Particularism, Analogy, and Moral Cognition

Minds and Machines 20 (3):385-422 (2010)
Authors
Marcello Guarini
University of Windsor
Abstract
‘Particularism’ and ‘generalism’ refer to families of positions in the philosophy of moral reasoning, with the former playing down the importance of principles, rules or standards, and the latter stressing their importance. Part of the debate has taken an empirical turn, and this turn has implications for AI research and the philosophy of cognitive modeling. In this paper, Jonathan Dancy’s approach to particularism (arguably one of the best known and most radical approaches) is questioned both on logical and empirical grounds. Doubts are raised over whether Dancy’s brand of particularism can adequately explain the graded nature of similarity assessments in analogical arguments. Also, simple recurrent neural network models of moral case classification are presented and discussed. This is done to raise concerns about Dancy’s suggestion that neural networks can help us to understand how we could classify situations in a way that is compatible with his particularism. Throughout, the idea of a surveyable standard—one with restricted length and complexity—plays a key role. Analogical arguments are taken to involve multidimensional similarity assessments, and surveyable contributory standards are taken to be attempts to articulate the dimensions of similarity that may exist between cases. This work will be of relevance both to those who have interests in computationally modeling human moral cognition and to those who are interested in how such models may or may not improve our philosophical understanding of such cognition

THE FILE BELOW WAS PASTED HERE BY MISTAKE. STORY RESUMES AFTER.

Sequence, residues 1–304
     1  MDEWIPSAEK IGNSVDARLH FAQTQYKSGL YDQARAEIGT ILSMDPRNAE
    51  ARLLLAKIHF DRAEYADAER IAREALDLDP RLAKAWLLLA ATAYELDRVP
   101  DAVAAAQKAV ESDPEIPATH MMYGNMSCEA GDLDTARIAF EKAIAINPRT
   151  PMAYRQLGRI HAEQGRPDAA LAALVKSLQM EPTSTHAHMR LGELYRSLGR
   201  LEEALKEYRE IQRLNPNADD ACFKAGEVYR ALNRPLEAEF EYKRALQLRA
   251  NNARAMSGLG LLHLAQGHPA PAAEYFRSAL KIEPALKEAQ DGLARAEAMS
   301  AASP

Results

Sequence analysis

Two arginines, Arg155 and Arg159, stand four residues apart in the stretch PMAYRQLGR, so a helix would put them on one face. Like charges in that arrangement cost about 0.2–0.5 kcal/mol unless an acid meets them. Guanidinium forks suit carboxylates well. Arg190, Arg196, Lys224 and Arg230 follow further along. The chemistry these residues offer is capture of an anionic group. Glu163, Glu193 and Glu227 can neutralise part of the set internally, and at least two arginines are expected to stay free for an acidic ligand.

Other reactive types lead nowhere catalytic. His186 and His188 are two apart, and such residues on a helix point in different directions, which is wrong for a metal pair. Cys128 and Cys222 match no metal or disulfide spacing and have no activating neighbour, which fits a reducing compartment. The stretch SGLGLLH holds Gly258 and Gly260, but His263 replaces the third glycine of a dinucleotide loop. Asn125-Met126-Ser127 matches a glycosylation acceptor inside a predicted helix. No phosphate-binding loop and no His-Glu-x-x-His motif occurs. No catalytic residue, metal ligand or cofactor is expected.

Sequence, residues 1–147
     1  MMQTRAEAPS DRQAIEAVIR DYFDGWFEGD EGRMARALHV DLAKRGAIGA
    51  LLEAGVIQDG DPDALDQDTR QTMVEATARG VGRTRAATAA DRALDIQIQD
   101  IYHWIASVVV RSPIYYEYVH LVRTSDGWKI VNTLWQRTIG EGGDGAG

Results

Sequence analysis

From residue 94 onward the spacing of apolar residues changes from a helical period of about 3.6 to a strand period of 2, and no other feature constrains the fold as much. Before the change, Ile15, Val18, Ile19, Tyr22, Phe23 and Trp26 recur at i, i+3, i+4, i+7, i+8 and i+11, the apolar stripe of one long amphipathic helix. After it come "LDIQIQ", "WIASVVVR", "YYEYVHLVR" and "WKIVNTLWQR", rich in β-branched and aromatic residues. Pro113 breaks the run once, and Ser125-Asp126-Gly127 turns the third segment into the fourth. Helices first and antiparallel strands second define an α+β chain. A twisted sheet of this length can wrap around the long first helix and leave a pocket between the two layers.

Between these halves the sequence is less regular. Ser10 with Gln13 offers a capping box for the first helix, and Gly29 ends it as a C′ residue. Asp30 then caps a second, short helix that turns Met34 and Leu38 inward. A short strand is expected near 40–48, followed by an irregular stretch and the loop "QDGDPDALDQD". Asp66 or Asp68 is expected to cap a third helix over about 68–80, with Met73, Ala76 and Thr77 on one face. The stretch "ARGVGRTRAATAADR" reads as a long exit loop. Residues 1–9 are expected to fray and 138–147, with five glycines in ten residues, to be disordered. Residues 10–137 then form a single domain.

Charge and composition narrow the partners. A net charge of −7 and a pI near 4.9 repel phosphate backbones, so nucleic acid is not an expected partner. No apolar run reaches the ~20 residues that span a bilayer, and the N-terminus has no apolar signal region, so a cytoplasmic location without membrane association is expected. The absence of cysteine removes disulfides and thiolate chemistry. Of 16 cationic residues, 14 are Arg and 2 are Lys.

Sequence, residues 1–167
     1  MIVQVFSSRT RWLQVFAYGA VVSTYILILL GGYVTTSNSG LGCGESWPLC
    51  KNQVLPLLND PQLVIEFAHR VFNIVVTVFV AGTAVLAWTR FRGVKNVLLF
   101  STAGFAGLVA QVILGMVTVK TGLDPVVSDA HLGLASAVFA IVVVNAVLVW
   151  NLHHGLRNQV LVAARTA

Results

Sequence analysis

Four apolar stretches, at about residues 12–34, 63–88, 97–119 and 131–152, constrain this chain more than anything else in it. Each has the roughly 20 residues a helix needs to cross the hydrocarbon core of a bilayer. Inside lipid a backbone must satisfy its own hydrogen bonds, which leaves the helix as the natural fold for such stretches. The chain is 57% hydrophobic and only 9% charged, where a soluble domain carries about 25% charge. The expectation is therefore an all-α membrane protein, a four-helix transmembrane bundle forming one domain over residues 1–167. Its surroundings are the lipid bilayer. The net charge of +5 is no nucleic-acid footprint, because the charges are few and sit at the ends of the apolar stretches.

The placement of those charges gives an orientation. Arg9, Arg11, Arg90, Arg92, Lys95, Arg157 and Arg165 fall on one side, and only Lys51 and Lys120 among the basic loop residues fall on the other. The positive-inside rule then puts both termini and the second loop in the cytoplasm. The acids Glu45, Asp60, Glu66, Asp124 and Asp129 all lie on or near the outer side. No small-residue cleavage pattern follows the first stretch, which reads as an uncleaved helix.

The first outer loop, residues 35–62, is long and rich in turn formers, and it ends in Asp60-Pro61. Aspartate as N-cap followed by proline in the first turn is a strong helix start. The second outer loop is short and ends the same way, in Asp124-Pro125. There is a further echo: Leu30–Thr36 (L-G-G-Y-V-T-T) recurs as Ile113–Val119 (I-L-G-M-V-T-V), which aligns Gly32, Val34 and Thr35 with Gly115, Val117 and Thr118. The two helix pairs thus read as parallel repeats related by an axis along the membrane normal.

Keywords Analogy  Jonathan Dancy  Machine ethics  Moral cognition  Neural networks  Particularism
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DOI 10.1007/s11023-010-9200-4
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References found in this work BETA

Ethics Without Principles.Jonathan Dancy - 2004 - Oxford University Press.
Moral Reasons.Jonathan Dancy - 1993 - Blackwell.
Finding Structure in Time.Jeffrey L. Elman - 1990 - Cognitive Science 14 (2):179-211.
A Defense of Abortion.Judith Jarvis Thomson - 1971 - Philosophy and Public Affairs 1 (1):47-66.

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Citations of this work BETA

Moral Particularism and the Role of Imaginary Cases: A Pragmatist Approach.Nate Jackson - 2016 - European Journal of Pragmatism and American Philosophy 8 (1):237-259.
Two Models of Moral Judgment.Shane Bretz & Ron Sun - 2018 - Cognitive Science 42 (S1):4-37.

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